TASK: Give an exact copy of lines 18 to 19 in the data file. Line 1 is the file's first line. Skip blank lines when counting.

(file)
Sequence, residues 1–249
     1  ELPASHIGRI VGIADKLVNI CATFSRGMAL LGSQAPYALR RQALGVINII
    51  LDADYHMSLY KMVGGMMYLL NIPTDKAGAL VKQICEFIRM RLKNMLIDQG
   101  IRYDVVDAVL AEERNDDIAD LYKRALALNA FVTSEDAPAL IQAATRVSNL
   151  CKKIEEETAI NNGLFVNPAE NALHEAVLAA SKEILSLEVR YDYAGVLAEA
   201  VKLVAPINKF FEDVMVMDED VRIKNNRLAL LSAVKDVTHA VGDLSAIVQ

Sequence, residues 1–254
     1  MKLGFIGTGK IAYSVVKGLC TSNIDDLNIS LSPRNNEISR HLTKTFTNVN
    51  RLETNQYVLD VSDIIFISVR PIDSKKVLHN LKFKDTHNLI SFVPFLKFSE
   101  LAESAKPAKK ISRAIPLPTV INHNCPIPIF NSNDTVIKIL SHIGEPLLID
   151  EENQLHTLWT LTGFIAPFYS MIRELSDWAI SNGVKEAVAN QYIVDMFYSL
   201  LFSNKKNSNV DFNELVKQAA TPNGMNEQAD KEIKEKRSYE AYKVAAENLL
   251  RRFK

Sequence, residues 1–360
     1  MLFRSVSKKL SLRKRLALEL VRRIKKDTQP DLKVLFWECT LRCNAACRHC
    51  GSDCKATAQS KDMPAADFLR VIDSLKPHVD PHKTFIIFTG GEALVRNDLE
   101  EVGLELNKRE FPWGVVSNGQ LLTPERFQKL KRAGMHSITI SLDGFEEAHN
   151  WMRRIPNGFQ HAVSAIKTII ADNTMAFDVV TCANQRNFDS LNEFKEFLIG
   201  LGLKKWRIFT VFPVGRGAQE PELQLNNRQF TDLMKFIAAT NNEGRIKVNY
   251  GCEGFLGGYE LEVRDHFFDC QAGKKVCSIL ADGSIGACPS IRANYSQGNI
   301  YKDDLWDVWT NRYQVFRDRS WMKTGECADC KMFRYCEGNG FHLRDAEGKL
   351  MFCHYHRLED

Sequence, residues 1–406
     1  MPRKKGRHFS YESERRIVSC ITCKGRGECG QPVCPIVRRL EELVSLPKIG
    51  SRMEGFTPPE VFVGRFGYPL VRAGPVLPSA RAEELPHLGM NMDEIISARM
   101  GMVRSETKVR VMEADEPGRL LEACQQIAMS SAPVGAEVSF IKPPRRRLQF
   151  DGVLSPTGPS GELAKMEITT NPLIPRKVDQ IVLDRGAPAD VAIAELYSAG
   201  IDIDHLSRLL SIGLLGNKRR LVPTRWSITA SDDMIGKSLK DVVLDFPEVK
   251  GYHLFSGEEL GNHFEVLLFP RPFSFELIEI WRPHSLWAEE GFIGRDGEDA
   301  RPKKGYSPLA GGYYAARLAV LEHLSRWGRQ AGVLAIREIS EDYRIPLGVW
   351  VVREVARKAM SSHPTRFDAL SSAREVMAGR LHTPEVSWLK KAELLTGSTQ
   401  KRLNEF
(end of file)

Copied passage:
   151  WMRRIPNGFQ HAVSAIKTII ADNTMAFDVV TCANQRNFDS LNEFKEFLIG
   201  LGLKKWRIFT VFPVGRGAQE PELQLNNRQF TDLMKFIAAT NNEGRIKVNY